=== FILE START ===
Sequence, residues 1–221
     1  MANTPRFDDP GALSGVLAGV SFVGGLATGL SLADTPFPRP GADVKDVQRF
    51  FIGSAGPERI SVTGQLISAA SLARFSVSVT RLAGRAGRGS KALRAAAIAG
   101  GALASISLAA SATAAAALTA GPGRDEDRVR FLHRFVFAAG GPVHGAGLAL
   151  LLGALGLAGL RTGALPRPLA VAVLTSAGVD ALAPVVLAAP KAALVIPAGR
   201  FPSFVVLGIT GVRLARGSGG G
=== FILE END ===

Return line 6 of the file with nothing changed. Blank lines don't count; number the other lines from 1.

   201  FPSFVVLGIT GVRLARGSGG G